Parosmia: The Perplexing Long COVID-19 Condition That Can Make Food Taste And Smell Rancid
You've likely heard of long-term symptoms some people experience after getting COVID-19: fatigue, brain fog, and shortness of breath. But There's another long-term symptom that's not as well known but just as debilitating. It's called parosmia, a disorder that can make food smell and taste rancid. This perplexing condition that has a profound impact on people's lives, but few treatment options.
Picture your next meal, and all the choices you have to put on your plate. Not only the foods, but the flavors. The options can seem endless. But that's not the case for 18-year-old Maille Baker of Hartland.
"For the past month or two, probably all I've eaten is like bread, condiments, pasta, and sauce, really. And avocado."
Those are the only foods Baker can stomach. Everything else smells and tastes bad. Not just mildly unpleasant. Rotten. Toothpaste is what first tipped her off that something was wrong. It was March, while Baker was a freshman in college. She had just bought a new tube and figured it was a different flavor that just didn't sit well with her.
"And then I got a hamburger at my dining hall and I took a bite of it and it tasted awful, like garbage or something, but I was just like, oh, that's college dining hall food," Baker says. "But then, I was like, this tastes the same as my toothpaste. That's so strange."
A few months before, in November, Baker tested positive for COVID-19. She says it was a relatively mild case. She had fatigue that lasted for a couple of months and some loss of smell. Then, a few months later, her sense of smell and taste became distorted. The day after she tried to eat the burger in the dining hall, she ordered a pizza. It smelled so bad, she had a friend take it away. Most food now has the same awful odor.
"If you picture yourself kind of like if you go to the dump or something to drop off your trash. And it's just like, oh that's unpleasant for like five minutes. But it's like three times as intense as that, for like more than five minutes," Baker says.
It's an experience that's shared by 42-year-old Amy Pacanza Rogers of Raymond. In January, she had a mild case of COVID-19. She lost her sense of taste and smell temporarily, then got them back. But about a month later, she started to notice a lingering odor.
First, she thought it might be household cleaners. Maybe her shampoo. Then, food started to make her gag. It tasted rancid.
"I was bringing home a pizza for my family on a Friday night and had to open all my windows in my car, I had to plug my nose, and I like threw it out of my car when I got home. And when I put it on the table, I went immediately upstairs. Like I had a total breakdown. I was like, there's something wrong with me. I can't figure it out," Rogers says.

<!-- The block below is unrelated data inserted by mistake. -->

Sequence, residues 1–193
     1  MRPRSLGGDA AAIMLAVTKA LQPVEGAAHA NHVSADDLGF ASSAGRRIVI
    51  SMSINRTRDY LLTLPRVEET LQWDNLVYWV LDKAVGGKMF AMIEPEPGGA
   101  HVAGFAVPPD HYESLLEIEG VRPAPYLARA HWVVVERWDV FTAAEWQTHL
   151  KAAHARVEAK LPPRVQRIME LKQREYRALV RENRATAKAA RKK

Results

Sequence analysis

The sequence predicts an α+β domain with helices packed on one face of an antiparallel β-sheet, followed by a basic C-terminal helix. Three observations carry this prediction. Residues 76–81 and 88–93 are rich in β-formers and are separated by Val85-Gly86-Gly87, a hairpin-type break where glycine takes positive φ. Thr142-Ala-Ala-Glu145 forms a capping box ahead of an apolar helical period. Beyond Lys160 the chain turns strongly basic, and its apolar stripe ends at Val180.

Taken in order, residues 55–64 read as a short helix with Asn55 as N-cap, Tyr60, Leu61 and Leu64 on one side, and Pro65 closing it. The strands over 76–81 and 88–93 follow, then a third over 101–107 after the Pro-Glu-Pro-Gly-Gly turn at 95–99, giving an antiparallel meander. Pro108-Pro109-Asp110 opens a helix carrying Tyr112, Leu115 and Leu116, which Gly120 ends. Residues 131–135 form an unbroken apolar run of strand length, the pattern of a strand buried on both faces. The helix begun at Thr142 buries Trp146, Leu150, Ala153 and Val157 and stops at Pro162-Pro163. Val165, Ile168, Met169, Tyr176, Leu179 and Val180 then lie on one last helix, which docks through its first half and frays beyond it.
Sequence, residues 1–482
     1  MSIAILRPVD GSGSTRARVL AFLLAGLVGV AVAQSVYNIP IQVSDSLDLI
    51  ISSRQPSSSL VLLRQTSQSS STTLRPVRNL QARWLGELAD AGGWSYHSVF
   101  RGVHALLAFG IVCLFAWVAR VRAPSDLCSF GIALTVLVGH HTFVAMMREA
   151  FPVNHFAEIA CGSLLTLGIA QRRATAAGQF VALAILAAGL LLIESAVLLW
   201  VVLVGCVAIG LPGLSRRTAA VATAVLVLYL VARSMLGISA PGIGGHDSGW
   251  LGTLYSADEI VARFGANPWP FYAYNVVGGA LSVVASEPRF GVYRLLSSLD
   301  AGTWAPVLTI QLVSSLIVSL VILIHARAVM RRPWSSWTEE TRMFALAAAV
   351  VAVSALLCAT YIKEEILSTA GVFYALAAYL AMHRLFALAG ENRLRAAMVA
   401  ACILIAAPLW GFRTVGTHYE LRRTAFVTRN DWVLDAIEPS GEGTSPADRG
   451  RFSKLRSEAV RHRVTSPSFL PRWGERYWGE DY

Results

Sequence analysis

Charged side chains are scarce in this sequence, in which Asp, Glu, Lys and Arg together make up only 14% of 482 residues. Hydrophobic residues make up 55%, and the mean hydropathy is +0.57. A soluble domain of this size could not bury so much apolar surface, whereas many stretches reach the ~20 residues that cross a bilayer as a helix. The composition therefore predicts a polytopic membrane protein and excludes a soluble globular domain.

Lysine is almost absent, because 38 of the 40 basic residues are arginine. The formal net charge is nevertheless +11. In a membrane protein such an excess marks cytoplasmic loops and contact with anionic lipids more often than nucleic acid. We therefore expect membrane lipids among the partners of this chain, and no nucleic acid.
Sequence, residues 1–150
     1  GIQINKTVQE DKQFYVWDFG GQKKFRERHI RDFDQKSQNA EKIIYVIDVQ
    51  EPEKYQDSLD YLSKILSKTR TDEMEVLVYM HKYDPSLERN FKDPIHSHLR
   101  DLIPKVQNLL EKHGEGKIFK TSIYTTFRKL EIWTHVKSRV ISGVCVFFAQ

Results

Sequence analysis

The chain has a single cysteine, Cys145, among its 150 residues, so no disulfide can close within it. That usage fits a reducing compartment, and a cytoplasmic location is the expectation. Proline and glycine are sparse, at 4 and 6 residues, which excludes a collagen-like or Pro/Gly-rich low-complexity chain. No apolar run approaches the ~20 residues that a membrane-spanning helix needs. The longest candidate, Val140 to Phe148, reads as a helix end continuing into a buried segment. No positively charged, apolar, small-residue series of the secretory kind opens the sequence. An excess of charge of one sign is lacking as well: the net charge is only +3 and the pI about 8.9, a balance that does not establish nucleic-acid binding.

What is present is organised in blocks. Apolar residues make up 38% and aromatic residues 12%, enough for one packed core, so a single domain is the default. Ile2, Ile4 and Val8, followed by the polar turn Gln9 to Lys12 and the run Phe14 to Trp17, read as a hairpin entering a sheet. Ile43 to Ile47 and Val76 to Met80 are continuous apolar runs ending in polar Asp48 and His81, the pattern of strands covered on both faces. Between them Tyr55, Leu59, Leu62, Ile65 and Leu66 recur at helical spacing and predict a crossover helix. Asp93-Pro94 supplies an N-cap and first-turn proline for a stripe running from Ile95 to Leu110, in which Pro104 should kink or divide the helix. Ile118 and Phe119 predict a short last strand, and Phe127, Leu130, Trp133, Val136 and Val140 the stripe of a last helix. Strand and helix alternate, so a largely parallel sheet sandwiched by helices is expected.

Rogers has consulted doctors and had a battery of tests. One was a scratch and sniff smell test. Out of 45 samples, she says she could identify two: cinnamon and mint. She had a camera put down her nose to rule out inflammation as a cause. Rogers hasn't gotten a definitive answer, but smell distortion, also called parosmia, is a symptom of COVID-19. Dr. George Scangas, a rhinologist at Massachusetts Eye and Ear, says even before Covid, people experienced losses or changes in smell from viruses. And he's seen an uptick during the pandemic.
"And almost all of them have known that they had Covid in the past," Rogers says.
It's unclear how common parosmia is among people who've had COVID-19. But the phenomenon has spawned support groups on Facebook with thousands of members. It's the subject of several studies. And a group of international researchers has formed a consortium to collect data to better understand how and why Covid-19 causes smell and taste issues. Dr. Scangas says with parosmia, it's likely that the virus damages nerves in the olfactory system.
"The thought is that just those nerves, when they recover, sometimes they don't recover in the same way. They don't function in the same pathway as before, and signals can get crossed and when signals get crossed, things that used to smell good can smell bad or different. It doesn't have to be bad, it can be just different," Scangas says.
Treatments are elusive. Dr. Megan Abbott, an ear, nose and throat doctor at Maine Medical Center, says something called smell retraining is really the only option. A couple times a day, patients inhale four basic scents - floral, fruity, spicy, and resinous - in an attempt to stimulate nerves back to their normal function. Abbott says some patients do see results, but the treatment is not a home run.
"I haven't seen this work fabulously with other types of smell loss. With Covid, we don't know. We just don't have the long-term data for it," Abbott says.
In the meantime, Dr. Scangas says, prevention is key. He says most people take smell and taste for granted.
"It has a really big impact on quality of life, and that's something people should consider, in my opinion, when they're thinking about things like whether or not to get the vaccine," Scangas says.
Maille Baker tries to remain positive about her smell distortion. Other than that, she's healthy. As for Amy Pacanza Rogers, the self-described foodie, has lost 47 pounds. She has to remember to eat meals. And she wears a nose plug to block out odors. At home, while her daughter and husband share a cooked meal, she eats alone in an office. She says the condition is lonely.
"If we're invited somewhere to a BBQ, I don't go because I don't want to be rude, like your food doesn't smell good...people don't really understand," Rogers says. "It's not really your cooking, it's just to me, it doesn't smell good, it doesn't taste good, so it's not enjoyable to me."
It's more than just the enjoyment of eating that she's lost, it's sharing it with other people.